Last week, Justice Commissioner Viviane Reding set out legislation for data protection in EU including a “right to be forgotten”, giving users the right to take their data away from companies and have it deleted. It would also require firms to get explicit approval from customers to use their data for marketing purposes.

Referring to the proposals, Commissioner Kroes commented that businesses and customers “worry about the service they will be getting, about risks of lock-in and whether they can trust the provider with their data.”

She added that the EU Cloud Strategy would help businesses “get clarity on issues like standards, privacy, data portability, legal liability and applicable jurisdiction.”

New cloud strategy to reform EU online market

Digital agenda Commissioner Neelie Kroes has promised to present a European cloud strategy this summer, as part of a plan to reform the online market in the EU.

Germany leads EU countries on cloud computing

Five EU countries rank among the world’s top ten for policies that promote cloud computing, according to a study published on Wednesday by an ICT body representing Microsoft and other international software giants.

News in Brief

  1. Germany confirms attendance at air quality summit
  2. Nearly half of 'fixed' Dieselgate cars show problems
  3. YouTube, Twitter, Facebook up hate speech deletion
  4. UK mulls bridge to France
  5. German far-right float anti-asylum bill
  6. EU Parliament to investigate glyphosate-decision process
  7. 'Mutagenesis' falls outside EU's GMO rules, says EU top lawyer
  8. Decision on Polish MEP's Nazi-era slur postponed

Stakeholders' Highlights

  1. Nordic Council of MinistersNordic Solutions for Sustainable Cities: New Grants Awarded for Branding Projects
  2. Mission of China to the EUTrade Between China, Belt and Road Countries up 15%
  3. Nordic Council of MinistersOresund Inspires Other EU Border Regions to Work Together to Generate Growth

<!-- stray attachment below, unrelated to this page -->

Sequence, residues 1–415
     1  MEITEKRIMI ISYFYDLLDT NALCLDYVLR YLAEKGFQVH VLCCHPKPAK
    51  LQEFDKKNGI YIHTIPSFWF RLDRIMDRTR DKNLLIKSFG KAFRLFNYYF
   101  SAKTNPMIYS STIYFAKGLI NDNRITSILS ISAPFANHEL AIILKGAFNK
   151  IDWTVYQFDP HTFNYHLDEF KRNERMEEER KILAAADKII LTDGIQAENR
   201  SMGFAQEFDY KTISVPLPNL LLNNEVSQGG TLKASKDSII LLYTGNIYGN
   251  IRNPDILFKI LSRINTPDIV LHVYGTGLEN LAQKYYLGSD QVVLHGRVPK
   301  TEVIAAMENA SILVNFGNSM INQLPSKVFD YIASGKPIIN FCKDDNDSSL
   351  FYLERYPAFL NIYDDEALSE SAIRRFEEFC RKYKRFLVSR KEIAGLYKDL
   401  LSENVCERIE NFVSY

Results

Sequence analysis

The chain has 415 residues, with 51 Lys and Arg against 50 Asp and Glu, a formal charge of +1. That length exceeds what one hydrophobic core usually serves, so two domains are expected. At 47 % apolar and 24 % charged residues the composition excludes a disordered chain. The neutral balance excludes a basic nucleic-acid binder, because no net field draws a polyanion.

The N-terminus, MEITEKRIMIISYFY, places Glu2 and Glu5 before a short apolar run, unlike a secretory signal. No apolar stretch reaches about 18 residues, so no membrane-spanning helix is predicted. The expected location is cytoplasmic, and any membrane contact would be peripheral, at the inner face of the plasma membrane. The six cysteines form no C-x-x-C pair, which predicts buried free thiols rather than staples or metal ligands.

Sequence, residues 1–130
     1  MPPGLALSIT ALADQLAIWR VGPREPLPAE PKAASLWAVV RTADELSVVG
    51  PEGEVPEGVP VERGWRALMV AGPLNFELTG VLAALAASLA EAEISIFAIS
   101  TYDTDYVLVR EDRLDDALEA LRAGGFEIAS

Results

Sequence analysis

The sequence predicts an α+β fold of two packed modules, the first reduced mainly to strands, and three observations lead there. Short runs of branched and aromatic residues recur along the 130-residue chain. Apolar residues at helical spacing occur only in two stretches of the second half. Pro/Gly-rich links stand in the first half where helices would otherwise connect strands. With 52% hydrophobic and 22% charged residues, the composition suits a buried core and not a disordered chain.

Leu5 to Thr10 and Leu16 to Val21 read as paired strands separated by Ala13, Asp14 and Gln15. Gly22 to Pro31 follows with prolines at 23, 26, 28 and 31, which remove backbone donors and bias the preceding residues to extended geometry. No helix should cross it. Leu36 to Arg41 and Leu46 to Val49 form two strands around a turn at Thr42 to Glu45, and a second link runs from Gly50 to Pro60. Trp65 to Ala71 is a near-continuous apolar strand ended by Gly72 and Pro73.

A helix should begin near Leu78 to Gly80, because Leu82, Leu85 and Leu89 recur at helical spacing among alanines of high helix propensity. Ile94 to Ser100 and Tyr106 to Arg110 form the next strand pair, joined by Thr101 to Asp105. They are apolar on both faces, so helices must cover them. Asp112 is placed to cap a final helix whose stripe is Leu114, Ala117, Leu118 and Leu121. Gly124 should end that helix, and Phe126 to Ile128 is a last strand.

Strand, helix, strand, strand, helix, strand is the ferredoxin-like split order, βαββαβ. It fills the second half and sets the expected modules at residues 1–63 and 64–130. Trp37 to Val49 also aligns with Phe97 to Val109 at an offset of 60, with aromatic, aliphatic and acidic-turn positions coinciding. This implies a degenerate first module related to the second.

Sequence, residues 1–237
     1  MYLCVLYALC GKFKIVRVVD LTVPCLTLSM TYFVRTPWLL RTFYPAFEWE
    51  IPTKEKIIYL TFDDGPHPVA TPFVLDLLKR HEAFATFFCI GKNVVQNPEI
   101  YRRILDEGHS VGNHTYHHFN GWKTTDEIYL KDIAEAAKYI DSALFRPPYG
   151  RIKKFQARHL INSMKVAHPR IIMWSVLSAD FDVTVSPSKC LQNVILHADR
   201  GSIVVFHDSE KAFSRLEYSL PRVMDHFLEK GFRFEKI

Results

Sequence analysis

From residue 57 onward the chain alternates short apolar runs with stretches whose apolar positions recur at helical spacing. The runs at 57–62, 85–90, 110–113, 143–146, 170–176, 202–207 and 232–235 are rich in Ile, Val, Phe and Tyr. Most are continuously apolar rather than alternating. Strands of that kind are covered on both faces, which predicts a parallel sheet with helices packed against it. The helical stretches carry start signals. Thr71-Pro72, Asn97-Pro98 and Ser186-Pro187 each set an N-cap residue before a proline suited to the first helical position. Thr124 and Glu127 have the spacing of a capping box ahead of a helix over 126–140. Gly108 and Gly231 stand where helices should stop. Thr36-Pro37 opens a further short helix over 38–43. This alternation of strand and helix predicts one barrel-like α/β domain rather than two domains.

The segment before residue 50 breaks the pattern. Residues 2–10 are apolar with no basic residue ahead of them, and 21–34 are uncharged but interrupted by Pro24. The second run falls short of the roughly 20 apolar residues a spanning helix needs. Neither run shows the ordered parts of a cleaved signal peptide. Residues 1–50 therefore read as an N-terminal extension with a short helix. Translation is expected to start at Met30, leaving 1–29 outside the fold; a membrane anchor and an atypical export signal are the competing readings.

4. Mission of China to the EUTrade Between China, Belt and Road Countries up 15%
  5. AJC Transatlantic InstituteAJC Calls on EU to Sanction Iran’s Revolutionary Guards, Expel Ambassadors
  6. Dialogue PlatformRoundtable on "Political Islam, Civil Islam and The West" 31 January
  7. ILGA EuropeFreedom of Movement and Same-Sex Couples in Romania – Case Update!
  8. EU2017EEEstonia Completes First EU Presidency, Introduced New Topics to the Agenda
  9. Bio-Based IndustriesLeading the Transition Towards a Post-Petroleum Society
  10. ACCAWelcomes the Start of the New Bulgarian Presidency
  11. Mission of China to the EUPremier Li and President Tusk Stress Importance of Ties at ASEM Summit
  12. EU2017EEVAT on Electronic Commerce: New Rules Adopted

Latest News

  1. Middle East, Messi and missing MEPs on the agenda This WEEK
  2. Instagram and Google Plus join EU anti-hate speech drive
  3. EU wants 'entrepreneurship' in education systems
  4. UK loses EU satellite centre to Spain
  5. Pay into EU budget for market access, Macron tells May
  6. Ethiopian regime to get EU migrants' names
  7. EU to lend Greece up to €7bn more next week
  8. Nato prepares to take in Macedonia